The second possibility: India was, either a failsafe option that Mongolia presumed it could revert to in case the Chinese retaliated, or was the one that abetted the Dalai Lama’s visit. In either case, this possibility relies on a perception that Mongolia can be a balancing power — ready to join hands with weaker sides such as India to challenge the regional hegemon.

If this was indeed the intent from the Indian side, we’re on the right track. However, the same cannot be said about the instrument used. It would take a lot more than a mere increase in Line of Credit (LoC) to get a land-locked country — one that is struggling with a ‘$1 billion budget gap and looming debt repayments’ — on your side. A Line of Credit — whatever the amount extended may be — count merely as an attempt that can at best marginally change incentives of the recipient country. Projects undertaken as part of LoCs come with riders — 75% of the value of the contracts must be sourced from India. And the utilisation rates of LoCs are often slow, because of supply side constraints (read incompetence of Indian exporters) or because of demand issues (read inadequacies of recipient nation’s importers). [Data on lines of credit available in this xls sheet from the EXIM bank website.] 

Probably, the truth lies somewhere in between both the possibilities. What is clear is that China’s response this time around was swift and unforgiving, in continuance of China’s aggressive stance against its neighbours under President Xi. And it came at a time when Mongolia is already struggling economically. Under such circumstances, can Mongolia be one of the allies in India’s project of balancing out Chinese influence in the near future? Can, for instance, Mongolia take the risk of allowing the next reincarnation of the Dalai Lama to appear in Mongolia?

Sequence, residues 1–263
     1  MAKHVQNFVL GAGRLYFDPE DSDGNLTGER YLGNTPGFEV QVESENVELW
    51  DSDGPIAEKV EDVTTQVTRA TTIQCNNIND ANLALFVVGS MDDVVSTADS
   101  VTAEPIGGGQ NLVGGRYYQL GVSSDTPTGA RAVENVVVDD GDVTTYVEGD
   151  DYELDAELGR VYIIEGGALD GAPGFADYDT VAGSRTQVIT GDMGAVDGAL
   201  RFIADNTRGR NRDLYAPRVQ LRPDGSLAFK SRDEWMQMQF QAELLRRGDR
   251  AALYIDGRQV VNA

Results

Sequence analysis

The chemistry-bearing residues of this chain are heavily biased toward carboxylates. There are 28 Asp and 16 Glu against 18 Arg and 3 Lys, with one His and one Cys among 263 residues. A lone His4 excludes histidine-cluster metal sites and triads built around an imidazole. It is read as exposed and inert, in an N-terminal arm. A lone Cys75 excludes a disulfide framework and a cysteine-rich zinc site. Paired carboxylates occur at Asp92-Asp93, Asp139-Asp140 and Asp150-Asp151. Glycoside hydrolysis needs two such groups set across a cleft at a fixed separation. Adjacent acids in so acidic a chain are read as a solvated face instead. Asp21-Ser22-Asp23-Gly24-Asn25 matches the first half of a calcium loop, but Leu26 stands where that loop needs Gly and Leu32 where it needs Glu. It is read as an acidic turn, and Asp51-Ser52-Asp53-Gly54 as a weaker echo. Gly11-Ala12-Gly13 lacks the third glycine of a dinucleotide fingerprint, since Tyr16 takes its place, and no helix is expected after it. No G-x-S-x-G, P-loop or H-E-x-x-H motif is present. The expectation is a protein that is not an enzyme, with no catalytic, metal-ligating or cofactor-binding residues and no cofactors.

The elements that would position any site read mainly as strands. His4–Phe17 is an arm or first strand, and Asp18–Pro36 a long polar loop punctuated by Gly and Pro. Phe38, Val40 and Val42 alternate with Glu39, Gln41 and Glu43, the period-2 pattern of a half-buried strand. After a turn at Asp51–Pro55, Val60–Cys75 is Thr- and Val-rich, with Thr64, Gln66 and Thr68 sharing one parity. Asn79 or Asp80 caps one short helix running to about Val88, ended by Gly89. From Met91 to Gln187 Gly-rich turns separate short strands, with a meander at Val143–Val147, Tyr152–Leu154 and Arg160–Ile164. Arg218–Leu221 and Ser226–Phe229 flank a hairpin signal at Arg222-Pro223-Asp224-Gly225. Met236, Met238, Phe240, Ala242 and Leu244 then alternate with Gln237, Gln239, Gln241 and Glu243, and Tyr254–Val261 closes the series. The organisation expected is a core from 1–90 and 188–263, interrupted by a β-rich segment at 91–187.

Very unlikely, especially if India is unwilling to think beyond Lines of Credit. If India is seriously considering challenging China, that demands it to offer something that can drastically change its partners’ incentives. Perhaps it is time to consider options such as offering unconditional development (if not military aid), or investing in long term developmental projects (like CPEC, minus all the Chinese characteristics) to bolster the capacities of smaller states in China’s neighbourhood. And even that wouldn’t guarantee the balancing credentials of states such as Mongolia, too low on the national power scale to inflict pain to China. Perhaps, a better balancing strategy for India would be to consolidate relations with Vietnam — a country that has the credentials to take the fight to the Chinese in alliance with partners such as India.

Also read: my piece on how India’s Lines of Credit stack up.

Pranay Kotasthane is a Research Fellow at The Takshashila Institution. He is on twitter @pranaykotas

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Data story: Lines of Credit supported by India

A brief overview of India’s lines of Credit to other nation-states

by Pranay Kotasthane (@pranaykotas)